Race

The story of Jesse Owens’ four gold medals at the 1936 Berlin Olympics gets the mahogany biopic treatment here, with a handsomely-mounted yet comically cliched film – however, the brilliance of its subject and the belittling of the Nazis elevate the message above the material.

Race*** follows Owens (a likeable performance from Stephan James) from his humble beginnings as he leaves home in Michigan amid clunky, expository dialogue  (“We can’t afford that Ma,”) and joins Ohio State University. Overcoming racist attitudes – the football team won’t let black folks in the locker room – he soon earns the admiration of hard-bitten, hard-drinking coach Larry Snyder (a tentative foray into straighter acting for Jason Sudekis).

Coach soon puts his own failures as an Olympian behind him to support Jesse’s bids to qualify for the American team, breaking world records in all events as he does so – note the long jump is quaintly called the Broad Jump back in those days.

Also in those days was the rising spectre of Nazism, with many calling for the American team to boycott the games. Jeremy Irons gives it full ham as Avery Brundage, the American tycoon who goes over to Berlin to argue with Goebbels and meet the film maker Leni Riefenstahl.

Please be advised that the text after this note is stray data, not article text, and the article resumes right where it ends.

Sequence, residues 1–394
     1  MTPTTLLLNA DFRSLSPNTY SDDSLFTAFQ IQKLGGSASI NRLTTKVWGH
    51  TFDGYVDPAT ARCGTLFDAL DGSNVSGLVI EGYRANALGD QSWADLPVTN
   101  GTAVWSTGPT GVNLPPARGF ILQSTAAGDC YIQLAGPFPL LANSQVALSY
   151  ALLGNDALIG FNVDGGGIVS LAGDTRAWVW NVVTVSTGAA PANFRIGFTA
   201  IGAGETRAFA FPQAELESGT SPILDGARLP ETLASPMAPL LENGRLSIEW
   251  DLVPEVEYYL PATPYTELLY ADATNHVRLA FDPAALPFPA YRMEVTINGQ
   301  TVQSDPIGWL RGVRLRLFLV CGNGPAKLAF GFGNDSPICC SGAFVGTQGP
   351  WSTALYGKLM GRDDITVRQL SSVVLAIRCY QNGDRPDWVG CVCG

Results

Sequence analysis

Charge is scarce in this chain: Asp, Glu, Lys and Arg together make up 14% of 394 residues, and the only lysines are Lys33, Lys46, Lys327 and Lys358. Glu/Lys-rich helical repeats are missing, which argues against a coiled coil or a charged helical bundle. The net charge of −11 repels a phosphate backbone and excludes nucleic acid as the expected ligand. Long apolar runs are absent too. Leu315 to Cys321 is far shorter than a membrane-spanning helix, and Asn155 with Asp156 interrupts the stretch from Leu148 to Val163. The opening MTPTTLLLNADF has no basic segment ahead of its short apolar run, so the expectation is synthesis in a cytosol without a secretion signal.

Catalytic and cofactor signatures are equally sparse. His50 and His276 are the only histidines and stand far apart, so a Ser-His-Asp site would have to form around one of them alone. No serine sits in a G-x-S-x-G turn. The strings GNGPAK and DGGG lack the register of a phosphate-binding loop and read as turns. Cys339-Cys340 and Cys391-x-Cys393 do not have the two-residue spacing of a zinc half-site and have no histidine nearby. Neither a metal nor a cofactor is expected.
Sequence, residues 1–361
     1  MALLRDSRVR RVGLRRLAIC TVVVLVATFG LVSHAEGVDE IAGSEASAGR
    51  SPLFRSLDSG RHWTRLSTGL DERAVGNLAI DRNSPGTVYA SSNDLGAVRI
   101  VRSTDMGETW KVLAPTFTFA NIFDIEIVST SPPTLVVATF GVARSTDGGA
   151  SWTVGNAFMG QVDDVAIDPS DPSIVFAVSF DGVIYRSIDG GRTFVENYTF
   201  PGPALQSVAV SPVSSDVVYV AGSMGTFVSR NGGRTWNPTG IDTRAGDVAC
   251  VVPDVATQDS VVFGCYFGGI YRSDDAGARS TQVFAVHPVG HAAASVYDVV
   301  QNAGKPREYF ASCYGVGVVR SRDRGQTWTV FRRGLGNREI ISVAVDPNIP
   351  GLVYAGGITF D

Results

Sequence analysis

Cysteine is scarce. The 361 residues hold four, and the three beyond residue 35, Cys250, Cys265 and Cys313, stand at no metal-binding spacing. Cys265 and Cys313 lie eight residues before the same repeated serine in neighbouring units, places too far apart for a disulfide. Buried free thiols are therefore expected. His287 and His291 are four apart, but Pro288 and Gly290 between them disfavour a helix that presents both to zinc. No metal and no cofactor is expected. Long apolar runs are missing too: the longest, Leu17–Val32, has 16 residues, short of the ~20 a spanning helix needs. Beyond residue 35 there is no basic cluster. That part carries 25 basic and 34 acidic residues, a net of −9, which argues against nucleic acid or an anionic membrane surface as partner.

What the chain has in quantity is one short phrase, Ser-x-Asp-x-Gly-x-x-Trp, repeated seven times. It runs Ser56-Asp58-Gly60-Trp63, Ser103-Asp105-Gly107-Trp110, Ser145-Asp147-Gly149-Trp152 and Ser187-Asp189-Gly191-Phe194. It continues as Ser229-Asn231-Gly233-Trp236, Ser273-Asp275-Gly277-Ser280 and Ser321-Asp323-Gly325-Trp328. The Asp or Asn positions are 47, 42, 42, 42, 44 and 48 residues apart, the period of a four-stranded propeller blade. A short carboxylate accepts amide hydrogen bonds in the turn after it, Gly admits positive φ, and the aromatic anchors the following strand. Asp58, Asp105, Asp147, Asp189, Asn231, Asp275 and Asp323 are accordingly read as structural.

All this real life stuff has a faintly comic ring to it, with Carice van Houten’s spirited Riefenstahl declaring “I’m happier in man’s clothes,” and battling with Goebbels to get the footage she needs for her film, which will of course become the mighty Olympiad, clips of which this film gratefully and wisely employs.

But you can’t argue with Owens’ feats and it’s enjoyable watching Hitler and Goebbels squirm in their seats as the Nazi ideal is upturned by Owens’ extraordinary exploits. Of course, it gave America’s own racists food for thought, too.

There’s a Jewish subplot involving athletes I didn’t know about, and a friendship Owens struck up with a German rival, “Luz” Long, which must have irked the Nazis to distraction.

So while Stephen Hopkins’ film is as cheesy as a team photo hanging in a themed sports bar, you can’t deny the power or importance of its story, both as sporting legend and document of racism.

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